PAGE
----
By John Ribeiro
Jan. 11, 2017
A bill has been reintroduced in the U.S. House of Representatives that would require that law enforcement agencies get a warrant before they poke around users’ emails and other communications in the cloud that are older than 180 days.
The Email Privacy Act, reintroduced on Monday, aims to fix a loophole in the Electronic Communications Privacy Act that allows the government to search without warrant email and other electronic communications older than 180 days, stored on servers of third-party service providers such as Google and Yahoo.
“Thanks to the wording in a more than 30-year-old law, the papers in your desk are better protected than the emails in your inbox,” digital rights organization, Electronic Frontier Foundation said in a blog post Monday.
The bill was passed by the House of Representatives last year but stalled in the Senate. Representative Kevin Yoder, a Republican from Kansas and Jared Polis, a Democrat from Colorado, said they are reintroducing the legislation because the Senate failed to act on it before the 114th Congress came to a close.
If the legislation becomes law, government agencies will have to obtain a warrant based on a showing of probable cause to compel service providers to disclose emails and other electronic communications of Americans, regardless of the age of the mails or the means of storage. In the original version of the legislation, government also has to notify the person whose account is disclosed, along with a copy of the search warrant and other information, within a stipulated period.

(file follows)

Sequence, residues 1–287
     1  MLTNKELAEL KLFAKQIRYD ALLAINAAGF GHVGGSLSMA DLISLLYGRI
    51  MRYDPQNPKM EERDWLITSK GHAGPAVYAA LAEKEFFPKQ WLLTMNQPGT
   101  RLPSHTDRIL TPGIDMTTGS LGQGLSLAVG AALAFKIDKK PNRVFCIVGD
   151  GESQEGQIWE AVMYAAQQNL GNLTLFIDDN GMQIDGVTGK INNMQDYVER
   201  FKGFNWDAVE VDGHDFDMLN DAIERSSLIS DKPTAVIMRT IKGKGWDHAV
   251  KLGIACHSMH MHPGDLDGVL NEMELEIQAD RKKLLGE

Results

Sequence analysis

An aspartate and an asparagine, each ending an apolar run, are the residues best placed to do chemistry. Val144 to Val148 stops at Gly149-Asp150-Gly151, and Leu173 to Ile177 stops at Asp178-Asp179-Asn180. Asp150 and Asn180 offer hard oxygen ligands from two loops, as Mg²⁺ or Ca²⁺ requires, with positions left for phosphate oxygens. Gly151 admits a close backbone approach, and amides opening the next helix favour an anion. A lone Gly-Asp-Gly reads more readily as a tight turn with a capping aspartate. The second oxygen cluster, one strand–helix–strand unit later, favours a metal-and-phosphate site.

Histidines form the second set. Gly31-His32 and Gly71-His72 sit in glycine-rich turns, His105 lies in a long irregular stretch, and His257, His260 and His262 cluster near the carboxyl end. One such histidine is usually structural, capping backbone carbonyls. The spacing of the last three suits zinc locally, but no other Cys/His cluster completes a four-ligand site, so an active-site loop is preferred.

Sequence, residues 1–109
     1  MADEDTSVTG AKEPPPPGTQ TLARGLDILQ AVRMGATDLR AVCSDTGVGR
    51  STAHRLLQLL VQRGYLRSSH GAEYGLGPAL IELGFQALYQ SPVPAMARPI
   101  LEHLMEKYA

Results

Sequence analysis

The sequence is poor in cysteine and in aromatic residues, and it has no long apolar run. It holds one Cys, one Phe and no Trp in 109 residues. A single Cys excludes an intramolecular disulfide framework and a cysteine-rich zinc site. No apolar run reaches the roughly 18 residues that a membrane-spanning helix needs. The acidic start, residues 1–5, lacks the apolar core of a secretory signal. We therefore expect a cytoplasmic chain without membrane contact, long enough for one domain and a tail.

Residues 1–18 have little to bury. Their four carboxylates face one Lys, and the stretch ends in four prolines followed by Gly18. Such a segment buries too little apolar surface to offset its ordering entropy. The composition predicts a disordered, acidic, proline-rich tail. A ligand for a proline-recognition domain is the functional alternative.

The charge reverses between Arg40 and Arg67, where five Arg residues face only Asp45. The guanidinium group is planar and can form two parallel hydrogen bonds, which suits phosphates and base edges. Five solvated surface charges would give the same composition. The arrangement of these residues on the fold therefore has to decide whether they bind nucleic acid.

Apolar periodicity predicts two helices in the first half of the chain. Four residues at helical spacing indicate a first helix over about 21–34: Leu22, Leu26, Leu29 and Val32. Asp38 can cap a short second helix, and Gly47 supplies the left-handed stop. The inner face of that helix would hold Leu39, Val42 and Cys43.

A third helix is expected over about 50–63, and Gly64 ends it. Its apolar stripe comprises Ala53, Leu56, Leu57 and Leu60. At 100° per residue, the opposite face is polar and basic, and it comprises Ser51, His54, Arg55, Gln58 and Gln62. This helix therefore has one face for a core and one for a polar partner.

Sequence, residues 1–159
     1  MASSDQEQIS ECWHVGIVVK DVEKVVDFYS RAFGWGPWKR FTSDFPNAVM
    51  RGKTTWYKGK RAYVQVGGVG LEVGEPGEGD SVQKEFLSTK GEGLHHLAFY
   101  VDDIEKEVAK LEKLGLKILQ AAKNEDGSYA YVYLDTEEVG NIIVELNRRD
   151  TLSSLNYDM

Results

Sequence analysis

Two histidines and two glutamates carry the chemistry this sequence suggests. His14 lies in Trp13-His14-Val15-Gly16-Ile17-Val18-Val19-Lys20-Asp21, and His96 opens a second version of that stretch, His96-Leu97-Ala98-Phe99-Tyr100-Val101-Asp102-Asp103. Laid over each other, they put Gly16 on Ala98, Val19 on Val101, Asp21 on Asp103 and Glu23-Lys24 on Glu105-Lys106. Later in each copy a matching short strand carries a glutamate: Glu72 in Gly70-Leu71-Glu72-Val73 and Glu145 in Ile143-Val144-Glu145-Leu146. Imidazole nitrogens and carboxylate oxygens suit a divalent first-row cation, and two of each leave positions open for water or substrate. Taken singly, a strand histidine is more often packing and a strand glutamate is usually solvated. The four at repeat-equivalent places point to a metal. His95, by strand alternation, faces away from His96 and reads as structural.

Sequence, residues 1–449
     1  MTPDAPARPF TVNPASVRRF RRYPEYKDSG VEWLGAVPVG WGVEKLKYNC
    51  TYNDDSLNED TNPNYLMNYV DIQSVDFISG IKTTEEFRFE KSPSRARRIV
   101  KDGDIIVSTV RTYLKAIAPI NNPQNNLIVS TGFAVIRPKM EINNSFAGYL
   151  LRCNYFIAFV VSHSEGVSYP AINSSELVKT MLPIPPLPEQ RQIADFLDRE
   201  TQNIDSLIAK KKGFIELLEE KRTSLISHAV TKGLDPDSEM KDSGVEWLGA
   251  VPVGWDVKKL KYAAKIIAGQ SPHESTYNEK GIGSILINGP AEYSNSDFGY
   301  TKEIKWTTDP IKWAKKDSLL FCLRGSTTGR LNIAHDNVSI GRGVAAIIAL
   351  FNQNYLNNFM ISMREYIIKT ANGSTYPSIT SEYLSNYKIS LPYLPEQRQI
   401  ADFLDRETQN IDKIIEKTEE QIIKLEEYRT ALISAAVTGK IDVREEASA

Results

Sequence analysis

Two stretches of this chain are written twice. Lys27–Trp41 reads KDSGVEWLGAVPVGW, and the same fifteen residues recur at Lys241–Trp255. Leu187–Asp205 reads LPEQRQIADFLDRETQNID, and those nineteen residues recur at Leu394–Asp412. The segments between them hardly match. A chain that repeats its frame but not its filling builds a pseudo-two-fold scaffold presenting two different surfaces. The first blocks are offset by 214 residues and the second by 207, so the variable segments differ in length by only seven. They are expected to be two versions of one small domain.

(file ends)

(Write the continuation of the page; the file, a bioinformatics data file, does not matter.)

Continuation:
Privacy groups and tech companies backed the legislation when it was first introduced. But it failed to clear the Senate as it was bogged down with amendments such as the requirement of mandatory compliance by service providers without court oversight when law enforcement claimed an emergency as an exception for asking for user data. John Cornyn, a Republican senator from Texas, proposed an amendment that would expand the information that the FBI can obtain with a National Security Letter without prior judicial oversight.
“Government access to communications without oversight of warrants is a dangerous path for any country that supports democratic values,” said Ed Black, CEO and President of the Computer & Communications Industry Association, in a statement Monday.
“Rules on how the government can access electronic communications in criminal investigations have simply not kept up with advances in modern technology. Indeed, US law still treats data stored in the cloud differently than data stored on a local computer,” said Information Technology and Innovation Foundation vice president Daniel Castro in a statement.
Opposition to the bill came previously from a number of agencies including the Securities and Exchange Commission, which apparently uses administrative subpoenas on service providers to work around the handicap that people investigated often do not keep copies of incriminating mail after sending it or decline to share their content with the SEC.